Sunday, June 23, 2013

Science Fiction and Comic Books-Part 3

Science fiction is a genre. Comic books are a medium. You'll need some apples and oranges if you're going to compare them. Science fiction was popularized in the medium of pulp magazines. We know when they began. The date was October 1896. The venue was the first all-story issue of Argosy printed on rough pulp paper. I suspect that science fiction appeared in the pages of pulps almost immediately after that. Eighteen ninety-six was after all plumb in the middle of H.G. Wells' four-year streak of successful science fiction novels. In any case, science fiction became a staple of the pulps, and by the 1930s there were at least half a dozen titles devoted exclusively to the genre.

Comic books lagged behind science fiction (and pulp magazines for that matter) by a generation, but when they finally hit the newsstands in the 1930s, they were almost fully formed. Titles very quickly proliferated. By the postwar period, millions of everyday Americans--and not just children--were reading comic books every month. We would find their numbers almost unbelievable. Print runs in the hundreds of thousands were not unheard of. Like science fiction fans before them, comic book fans wrote letters to their favorite magazines, published fanzines (beginning in the 1950s and early 1960s), and held comic book conventions beginning in about 1964. (I hope someone can help with more accurate dates.) Although comic books can carry any number of genres, today they are identified almost exclusively with the genre of superheroes, Superman being their Adam. Superman however did not originate in comic books but in the genre of science fiction.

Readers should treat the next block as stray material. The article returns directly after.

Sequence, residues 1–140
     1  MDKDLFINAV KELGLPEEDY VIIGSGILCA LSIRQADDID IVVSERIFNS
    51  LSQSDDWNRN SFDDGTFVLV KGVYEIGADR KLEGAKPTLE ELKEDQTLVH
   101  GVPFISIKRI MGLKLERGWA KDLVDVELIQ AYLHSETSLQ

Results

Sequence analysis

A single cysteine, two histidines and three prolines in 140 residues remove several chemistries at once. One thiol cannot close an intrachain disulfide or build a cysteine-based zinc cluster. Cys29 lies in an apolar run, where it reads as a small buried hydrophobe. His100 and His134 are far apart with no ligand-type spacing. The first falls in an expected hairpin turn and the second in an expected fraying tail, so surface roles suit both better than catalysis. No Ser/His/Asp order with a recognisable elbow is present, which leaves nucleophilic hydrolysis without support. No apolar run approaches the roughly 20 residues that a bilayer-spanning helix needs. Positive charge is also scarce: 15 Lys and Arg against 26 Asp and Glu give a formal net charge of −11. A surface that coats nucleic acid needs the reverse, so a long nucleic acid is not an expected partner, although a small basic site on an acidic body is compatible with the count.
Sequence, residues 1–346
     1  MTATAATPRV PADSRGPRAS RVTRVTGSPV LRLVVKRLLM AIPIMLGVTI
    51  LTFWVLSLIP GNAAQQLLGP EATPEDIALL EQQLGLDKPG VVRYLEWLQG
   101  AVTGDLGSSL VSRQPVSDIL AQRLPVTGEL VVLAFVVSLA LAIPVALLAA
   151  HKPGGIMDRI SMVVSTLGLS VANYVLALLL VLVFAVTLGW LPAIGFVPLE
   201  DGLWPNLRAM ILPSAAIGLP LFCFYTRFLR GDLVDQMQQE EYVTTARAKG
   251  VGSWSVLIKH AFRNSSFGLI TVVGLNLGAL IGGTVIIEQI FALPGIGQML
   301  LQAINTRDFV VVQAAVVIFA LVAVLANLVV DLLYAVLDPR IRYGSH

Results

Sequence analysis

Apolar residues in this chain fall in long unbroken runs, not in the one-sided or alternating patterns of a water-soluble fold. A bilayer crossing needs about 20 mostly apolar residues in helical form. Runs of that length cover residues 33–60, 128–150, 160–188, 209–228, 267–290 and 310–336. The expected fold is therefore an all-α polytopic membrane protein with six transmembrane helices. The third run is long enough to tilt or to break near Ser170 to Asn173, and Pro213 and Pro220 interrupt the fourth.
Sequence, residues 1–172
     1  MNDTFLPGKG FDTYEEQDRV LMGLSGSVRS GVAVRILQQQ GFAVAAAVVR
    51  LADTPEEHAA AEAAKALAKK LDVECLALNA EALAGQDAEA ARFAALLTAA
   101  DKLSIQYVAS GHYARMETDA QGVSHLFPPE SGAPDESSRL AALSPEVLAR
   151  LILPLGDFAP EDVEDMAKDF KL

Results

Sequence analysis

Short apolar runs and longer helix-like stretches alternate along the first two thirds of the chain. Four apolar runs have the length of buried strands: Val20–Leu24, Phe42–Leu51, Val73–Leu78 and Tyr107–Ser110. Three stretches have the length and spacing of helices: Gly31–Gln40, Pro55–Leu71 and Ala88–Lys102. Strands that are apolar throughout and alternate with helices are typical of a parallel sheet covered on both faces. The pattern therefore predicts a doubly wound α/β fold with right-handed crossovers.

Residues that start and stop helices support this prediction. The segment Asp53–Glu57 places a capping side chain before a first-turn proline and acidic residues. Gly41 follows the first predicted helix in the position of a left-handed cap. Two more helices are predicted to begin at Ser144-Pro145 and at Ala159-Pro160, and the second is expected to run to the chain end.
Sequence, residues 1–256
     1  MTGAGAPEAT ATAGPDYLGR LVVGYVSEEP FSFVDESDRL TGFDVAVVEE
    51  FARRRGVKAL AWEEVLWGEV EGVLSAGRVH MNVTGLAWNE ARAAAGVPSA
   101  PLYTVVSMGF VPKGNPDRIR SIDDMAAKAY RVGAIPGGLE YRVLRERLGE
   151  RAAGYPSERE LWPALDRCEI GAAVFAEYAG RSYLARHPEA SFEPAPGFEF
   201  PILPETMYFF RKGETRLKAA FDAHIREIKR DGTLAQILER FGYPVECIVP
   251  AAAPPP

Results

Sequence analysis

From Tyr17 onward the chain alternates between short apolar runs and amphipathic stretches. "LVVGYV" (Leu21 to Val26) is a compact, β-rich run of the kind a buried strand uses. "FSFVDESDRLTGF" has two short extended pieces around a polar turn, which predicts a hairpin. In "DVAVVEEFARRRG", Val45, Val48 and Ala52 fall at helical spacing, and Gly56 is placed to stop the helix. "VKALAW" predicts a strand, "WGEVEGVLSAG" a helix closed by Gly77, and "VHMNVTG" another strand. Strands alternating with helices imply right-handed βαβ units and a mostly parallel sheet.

In his first incarnation, Superman was a bald villain. Created by Cleveland teenagers Jerry Siegel and Joe Shuster, the character made his debut in a story called "The Reign of the Superman," printed in Siegel's self-published fanzine, Science Fiction: The Advance Guard of Future Civilization #3, in 1933. (Once again, this is an anniversary year: eighty years since Superman's earliest incarnation and seventy-five since Action Comics #1.) Superman's two creators spent the next several years developing their character and attempting to get him in print. They succeeded beyond their wildest dreams when Superman became one of the most popular and recognizable characters in the world. Superheroes poured out of the woodwork during the late thirties and into the forties. It's hard for us to imagine now, but Superman was truly something new. The superhero genre might never have gotten off the ground without him.

To be concluded . . . 

Text copyright 2013 by Terence E. Hanley

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